Train the trainer
Tutors can play an invaluable role in education. But they must be properly trained for the task of training others. The TutorPlus program aims to do just that.
“Generally speaking, tutoring as a part of the educational process used to be viewed as a matter that was left to enthusiastic individuals, who took on the role with the best of intentions and very often filled it quite successfully, but not always in the most effective manner.” So says Dr. Thomas Lerche of the Faculty for Psychology and Education, who is a member of the first class to enroll in the TutorPlus program, set up last year as part of the initiative Lehre@LMU with support from the nationwide “Pact for Quality Teaching”. Lerche himself has been involved in online tutoring for 10 years, but he decided to take the course because he expects definite benefits from it. “When one has ploughed a lonely furrow for 10 years, the mistakes that one is making tend to drop out of sight. That is why the supervision provided by experienced trainers and coaches in the context of TutorPlus is so valuable,” he explains.
Comprehensive and structured
In the past, tutor training at LMU, where it existed at all, had emerged in response to localized initiatives, and not in accordance with a preconceived model that could serve the needs of all faculties. Each faculty had its own approach and every subject did its own thing. TutorPlus was specifically designed to provide the elements of structure and integration to the task of training tutors that had previously been lacking. Since last September, the 11 members of the first class to take the course - each of them a specialist in his or her own field - are now busily engaged in learning how one sets about producing effective tutors. The course lasts for a full year. But, as project leader Dr. Andreas Hendrich points out, this is time well spent. “The challenges presented by the course should not be underestimated. Above all, it demands of the participants a complete change in their perspective on their own role. They are now called upon, not to teach biology, say, but to teach others how to teach biology, which is a very different kettle of fish.”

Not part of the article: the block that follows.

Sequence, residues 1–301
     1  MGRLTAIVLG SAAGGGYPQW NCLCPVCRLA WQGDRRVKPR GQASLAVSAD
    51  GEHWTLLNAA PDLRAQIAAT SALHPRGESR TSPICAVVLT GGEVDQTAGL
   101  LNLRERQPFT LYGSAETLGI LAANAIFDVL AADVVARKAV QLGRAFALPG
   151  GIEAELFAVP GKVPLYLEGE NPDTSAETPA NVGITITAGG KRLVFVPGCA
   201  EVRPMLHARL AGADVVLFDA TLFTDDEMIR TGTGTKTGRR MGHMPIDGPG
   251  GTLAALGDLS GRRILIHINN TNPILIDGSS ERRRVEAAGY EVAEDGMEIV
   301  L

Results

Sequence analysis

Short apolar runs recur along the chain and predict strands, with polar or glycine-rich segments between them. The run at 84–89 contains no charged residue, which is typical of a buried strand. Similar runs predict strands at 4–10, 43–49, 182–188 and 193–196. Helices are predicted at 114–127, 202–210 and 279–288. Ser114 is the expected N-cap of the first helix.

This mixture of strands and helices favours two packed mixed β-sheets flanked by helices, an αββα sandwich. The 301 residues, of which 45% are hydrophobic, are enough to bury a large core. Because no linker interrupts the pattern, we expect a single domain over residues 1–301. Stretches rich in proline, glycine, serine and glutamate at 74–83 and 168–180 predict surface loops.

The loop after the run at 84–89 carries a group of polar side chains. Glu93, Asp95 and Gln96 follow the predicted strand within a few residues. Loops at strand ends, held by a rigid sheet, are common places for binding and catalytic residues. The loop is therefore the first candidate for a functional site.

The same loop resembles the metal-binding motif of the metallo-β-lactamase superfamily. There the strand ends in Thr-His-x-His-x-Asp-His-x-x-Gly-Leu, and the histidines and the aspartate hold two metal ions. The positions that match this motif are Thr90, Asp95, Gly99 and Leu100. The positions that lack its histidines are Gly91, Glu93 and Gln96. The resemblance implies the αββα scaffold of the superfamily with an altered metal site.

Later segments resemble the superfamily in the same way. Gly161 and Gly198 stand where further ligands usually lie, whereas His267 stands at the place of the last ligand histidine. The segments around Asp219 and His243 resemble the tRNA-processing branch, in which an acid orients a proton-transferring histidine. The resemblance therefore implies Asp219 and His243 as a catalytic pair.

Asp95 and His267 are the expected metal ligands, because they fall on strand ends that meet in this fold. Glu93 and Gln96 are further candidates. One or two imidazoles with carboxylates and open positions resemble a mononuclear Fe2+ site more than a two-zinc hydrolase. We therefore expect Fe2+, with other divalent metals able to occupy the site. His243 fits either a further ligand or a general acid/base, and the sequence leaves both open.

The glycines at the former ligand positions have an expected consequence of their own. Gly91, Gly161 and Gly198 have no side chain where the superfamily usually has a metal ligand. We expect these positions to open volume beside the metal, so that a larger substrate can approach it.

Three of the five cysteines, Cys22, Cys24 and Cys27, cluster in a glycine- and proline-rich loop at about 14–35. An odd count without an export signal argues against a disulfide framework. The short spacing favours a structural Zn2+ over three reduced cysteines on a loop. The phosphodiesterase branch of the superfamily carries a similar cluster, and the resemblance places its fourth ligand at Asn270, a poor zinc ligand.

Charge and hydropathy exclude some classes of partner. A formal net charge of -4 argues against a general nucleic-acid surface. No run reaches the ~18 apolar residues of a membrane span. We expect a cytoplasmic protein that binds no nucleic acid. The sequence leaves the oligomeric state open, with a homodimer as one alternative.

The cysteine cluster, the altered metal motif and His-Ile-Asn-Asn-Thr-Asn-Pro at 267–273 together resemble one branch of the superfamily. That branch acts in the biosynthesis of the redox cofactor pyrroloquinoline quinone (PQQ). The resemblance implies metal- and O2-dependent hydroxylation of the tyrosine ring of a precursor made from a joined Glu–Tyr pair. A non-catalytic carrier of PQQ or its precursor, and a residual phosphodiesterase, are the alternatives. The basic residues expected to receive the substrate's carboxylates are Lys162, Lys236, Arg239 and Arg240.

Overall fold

For this reason, he says, those interested in taking part in the program should have previous experience in teaching at a university level, and of course they should bring along the necessary idealism and a sense of what good teaching should look like. Hendrich heads the language laboratory (“Sprachraum”) at LMU. He and his team developed the TutorPlus concept and are also responsible for coordinating the program.
The need for good tutor trainers will increase in the coming years. “To a large extent, today’s tutors are tomorrow’s lecturers,” says Professor Martin Wirsing, Vice-President for Teaching and Studies at LMU. “It is therefore high time to begin preparing them systematically for their future teaching duties and establishing standards for their own training. We are very pleased that TutorPlus – like all the other initiatives undertaken in the context of Lehre@LMU – has got off to such a flying start.” cg
To find out more about what tutor training actually entails, have a look at their website (in German).